When Should You Cash Out a CD?


One of the reasons certificates of deposits, or CDs, are popular in today’s market is because they are safe investment tools. They are relatively safe for two main reasons: They promise a return on principal and they are covered by FDIC insurance. You don’t get all of that safety for nothing, however. You pay for it in lower interest rates than riskier investments and restricted access to your money during the CDs term.

Right now, interest rates are virtually at rock bottom. But what happens when they rise? If you are holding onto a CD with an interest rate significantly below the going rate, you are effectively losing money. The problem is, you can’t just take your money out of a low-rate CD and reinvest it in a higher-rate CD. Why? Because of early withdrawal penalties.

If banks just let investors take money freely out of CDs, they would have no reason to offer rates above typical money market and savings account interest rates. Banks can afford to offer higher rates on CDs because the long-term commitment of the investor allows them to in turn make long-term commitments on other investments. The penalties they impose for early withdrawal are designed as disincentives to make sure your money stays with the bank as long as it should.

Early withdrawal penalties for CDs usually come in the form of losing interest. Depending on the conditions of your CD, you might have to pay 30 to 90 days worth of interest if you take money out of a 12-month or less CD early. Longer term CDs typically may have even stiffer penalties. If you haven’t earned enough interest yet, the penalty could erode some of your principal.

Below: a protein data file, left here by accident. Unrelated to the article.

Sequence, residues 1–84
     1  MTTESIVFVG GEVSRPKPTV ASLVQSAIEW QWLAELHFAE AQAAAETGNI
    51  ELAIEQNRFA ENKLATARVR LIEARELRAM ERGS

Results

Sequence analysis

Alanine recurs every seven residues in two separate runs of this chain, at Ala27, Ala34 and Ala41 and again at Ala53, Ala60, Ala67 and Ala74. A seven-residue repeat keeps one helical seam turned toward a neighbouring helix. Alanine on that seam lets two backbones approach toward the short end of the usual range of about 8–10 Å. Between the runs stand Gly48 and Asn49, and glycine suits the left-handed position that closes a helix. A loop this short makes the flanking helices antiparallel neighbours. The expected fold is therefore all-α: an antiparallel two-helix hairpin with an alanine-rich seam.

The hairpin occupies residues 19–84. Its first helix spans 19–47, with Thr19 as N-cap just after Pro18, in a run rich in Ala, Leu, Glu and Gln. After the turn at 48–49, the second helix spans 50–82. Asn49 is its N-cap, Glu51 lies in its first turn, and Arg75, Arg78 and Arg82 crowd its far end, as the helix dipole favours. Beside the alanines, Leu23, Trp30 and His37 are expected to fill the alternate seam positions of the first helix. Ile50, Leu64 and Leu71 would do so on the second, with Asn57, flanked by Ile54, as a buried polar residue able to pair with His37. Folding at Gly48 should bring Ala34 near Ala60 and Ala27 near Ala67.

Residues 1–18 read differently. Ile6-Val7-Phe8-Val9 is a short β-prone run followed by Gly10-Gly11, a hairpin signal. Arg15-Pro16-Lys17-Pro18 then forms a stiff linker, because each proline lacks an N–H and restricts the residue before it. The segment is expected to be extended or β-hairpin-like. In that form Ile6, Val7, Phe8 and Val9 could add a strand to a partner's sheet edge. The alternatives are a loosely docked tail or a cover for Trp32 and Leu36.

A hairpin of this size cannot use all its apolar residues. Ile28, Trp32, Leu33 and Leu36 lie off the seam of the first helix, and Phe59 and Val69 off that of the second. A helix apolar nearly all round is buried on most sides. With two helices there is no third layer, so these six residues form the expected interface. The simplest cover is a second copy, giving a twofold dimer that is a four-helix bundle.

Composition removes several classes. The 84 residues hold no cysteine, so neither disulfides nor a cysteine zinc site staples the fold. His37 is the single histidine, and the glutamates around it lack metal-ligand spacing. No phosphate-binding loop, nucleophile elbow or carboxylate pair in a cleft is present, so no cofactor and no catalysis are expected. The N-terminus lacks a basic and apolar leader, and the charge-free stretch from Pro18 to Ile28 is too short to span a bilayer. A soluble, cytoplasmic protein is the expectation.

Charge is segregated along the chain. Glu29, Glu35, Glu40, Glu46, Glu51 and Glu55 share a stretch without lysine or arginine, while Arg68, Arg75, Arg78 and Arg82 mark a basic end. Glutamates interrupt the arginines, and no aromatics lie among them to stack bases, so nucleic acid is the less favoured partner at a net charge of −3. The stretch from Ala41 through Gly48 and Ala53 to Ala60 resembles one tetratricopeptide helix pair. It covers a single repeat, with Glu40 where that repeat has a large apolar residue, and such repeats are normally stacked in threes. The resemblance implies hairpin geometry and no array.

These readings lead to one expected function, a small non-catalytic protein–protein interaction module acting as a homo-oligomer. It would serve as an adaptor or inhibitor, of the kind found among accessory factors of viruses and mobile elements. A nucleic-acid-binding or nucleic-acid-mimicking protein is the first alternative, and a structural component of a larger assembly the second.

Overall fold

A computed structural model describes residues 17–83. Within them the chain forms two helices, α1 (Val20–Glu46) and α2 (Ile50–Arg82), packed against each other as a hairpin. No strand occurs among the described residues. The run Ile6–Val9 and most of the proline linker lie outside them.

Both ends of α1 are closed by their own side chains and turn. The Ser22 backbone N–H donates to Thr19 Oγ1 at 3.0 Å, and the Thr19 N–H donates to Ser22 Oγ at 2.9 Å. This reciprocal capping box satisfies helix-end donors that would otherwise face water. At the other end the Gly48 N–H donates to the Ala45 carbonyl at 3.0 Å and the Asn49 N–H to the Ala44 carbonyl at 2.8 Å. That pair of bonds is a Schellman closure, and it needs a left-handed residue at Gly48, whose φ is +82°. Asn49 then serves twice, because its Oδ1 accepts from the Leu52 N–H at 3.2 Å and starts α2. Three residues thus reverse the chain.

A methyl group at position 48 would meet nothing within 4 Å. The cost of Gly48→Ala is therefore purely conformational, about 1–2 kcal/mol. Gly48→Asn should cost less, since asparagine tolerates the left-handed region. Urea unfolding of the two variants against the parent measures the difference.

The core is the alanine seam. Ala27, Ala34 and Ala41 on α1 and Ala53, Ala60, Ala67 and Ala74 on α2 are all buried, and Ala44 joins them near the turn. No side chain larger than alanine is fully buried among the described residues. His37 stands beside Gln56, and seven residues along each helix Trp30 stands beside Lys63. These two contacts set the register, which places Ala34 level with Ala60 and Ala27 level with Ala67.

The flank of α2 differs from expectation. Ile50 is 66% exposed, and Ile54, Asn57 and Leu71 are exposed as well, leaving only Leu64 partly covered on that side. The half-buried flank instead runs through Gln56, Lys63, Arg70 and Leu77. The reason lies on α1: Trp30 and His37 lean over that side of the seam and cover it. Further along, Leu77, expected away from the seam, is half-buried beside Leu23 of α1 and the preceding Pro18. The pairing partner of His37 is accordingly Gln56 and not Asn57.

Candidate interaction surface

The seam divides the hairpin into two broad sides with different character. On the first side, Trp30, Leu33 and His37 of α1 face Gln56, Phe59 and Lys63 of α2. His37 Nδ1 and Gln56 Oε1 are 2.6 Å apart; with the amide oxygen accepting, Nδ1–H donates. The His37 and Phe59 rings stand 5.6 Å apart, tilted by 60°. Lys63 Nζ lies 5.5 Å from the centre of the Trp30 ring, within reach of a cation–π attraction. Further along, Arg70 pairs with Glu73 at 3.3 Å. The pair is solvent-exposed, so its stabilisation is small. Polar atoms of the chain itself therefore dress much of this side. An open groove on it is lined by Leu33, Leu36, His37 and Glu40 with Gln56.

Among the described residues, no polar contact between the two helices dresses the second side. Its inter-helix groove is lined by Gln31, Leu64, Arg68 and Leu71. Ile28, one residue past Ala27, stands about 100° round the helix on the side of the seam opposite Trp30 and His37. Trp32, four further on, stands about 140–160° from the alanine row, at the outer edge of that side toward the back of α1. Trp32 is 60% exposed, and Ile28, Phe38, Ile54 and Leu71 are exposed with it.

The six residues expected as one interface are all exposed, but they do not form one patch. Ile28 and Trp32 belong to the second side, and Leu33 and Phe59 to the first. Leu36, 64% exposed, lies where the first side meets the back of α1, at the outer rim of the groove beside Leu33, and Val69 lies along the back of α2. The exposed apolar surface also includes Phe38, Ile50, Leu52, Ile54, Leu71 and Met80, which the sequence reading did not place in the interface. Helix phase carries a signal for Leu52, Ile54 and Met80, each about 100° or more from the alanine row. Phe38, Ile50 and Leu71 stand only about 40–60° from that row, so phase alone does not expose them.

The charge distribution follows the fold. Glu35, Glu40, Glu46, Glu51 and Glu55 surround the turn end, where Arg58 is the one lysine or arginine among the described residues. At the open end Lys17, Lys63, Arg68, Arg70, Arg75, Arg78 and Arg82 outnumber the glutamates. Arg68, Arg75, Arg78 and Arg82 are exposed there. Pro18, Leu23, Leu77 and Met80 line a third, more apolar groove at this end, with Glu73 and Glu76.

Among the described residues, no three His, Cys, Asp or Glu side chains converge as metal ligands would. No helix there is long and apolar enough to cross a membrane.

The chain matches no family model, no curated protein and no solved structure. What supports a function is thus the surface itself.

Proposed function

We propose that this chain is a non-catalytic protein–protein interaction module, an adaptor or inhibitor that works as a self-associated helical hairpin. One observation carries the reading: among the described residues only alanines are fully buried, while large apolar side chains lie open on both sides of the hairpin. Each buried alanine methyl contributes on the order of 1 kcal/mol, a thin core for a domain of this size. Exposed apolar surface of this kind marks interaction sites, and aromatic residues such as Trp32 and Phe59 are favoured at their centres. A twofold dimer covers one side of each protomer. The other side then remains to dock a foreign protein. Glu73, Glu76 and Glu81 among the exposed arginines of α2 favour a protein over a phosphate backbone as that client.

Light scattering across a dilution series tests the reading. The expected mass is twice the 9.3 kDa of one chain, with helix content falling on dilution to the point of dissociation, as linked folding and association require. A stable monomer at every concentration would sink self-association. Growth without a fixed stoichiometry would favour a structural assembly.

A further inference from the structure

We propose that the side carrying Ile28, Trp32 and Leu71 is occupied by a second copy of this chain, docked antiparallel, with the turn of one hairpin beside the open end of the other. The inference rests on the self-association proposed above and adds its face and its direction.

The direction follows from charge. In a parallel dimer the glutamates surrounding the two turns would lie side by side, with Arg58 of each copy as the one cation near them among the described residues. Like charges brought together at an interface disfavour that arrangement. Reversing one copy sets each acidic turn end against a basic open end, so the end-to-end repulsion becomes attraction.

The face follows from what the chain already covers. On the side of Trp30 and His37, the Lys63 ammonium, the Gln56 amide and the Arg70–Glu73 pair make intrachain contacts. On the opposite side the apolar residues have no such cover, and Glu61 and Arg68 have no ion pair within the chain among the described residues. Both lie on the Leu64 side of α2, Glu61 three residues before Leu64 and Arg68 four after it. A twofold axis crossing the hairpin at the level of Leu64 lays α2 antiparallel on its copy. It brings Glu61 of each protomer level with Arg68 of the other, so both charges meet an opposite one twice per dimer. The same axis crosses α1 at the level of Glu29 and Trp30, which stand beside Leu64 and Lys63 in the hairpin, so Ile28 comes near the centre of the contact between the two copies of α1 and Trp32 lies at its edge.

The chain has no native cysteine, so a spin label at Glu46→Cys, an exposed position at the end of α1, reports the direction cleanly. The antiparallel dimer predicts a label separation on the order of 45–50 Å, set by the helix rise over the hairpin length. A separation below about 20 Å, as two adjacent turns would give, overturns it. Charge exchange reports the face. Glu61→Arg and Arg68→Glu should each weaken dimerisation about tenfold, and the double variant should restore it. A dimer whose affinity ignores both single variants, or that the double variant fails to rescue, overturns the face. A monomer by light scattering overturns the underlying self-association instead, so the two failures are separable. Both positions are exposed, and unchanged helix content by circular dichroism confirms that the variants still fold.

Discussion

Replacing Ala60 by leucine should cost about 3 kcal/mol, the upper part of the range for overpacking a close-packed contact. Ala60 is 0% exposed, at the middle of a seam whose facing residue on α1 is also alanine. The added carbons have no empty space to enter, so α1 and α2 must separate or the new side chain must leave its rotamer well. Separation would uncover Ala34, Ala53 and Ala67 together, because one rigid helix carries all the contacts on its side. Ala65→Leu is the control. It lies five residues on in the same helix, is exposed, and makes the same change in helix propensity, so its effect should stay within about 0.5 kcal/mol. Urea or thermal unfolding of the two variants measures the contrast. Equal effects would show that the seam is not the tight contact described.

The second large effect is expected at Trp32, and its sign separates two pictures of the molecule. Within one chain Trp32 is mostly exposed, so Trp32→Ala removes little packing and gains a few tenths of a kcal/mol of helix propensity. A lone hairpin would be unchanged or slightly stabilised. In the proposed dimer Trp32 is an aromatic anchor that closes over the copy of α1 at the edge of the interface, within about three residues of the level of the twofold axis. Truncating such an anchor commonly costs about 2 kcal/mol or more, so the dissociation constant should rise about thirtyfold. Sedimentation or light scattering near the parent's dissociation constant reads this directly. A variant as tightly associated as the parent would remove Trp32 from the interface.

In order to decide whether or not it makes any sense to cash out early, you have to crunch the numbers and factor in the penalty. If you stand to make more invested in a new CD (less the penalty) than you will with the old CD, then you should do it.

Take this example: You have a 24-month CD getting 1.65% interest, which is the current national average according to BankingMyWay.com. The interest is compounded monthly and there is a 90-day interest penalty for early withdrawal. After holding onto the CD for 12 months you notice that CD rates have risen to 2% and wonder if you should cash out and reinvest. When you crunch the numbers, you see that if you break the CD and reinvest at the higher rate, you’ll end up with $10,327.13 at the end of one year (when the old CD would have matured). If you keep your current CD, your ending balance will be $10,333.74. In this example you will have lost $6.61 by breaking the CD.

If, on the other hand, the new CD rate was 2.08% or above, you would move into profit-making territory by breaking the CD and reinvesting. So, determining when to cash out a CD is basically a factor of determining what new CD interest rate is high enough to compensate for the interest penalty from breaking the old CD. If you are concerned about rate increases in the future, consider the benefit of flex CDs, which MainStreet recently outlined.


Related Stories:

Flex CDs: The Pros and Cons

Parallel CDs: An Alternative to Ladders

Building a CD Ladder for Steady Income



—For the best rates on CDs, bank accounts and credit cards, enter your ZIP code at BankingMyWay.com.

Show Comments

Back to Top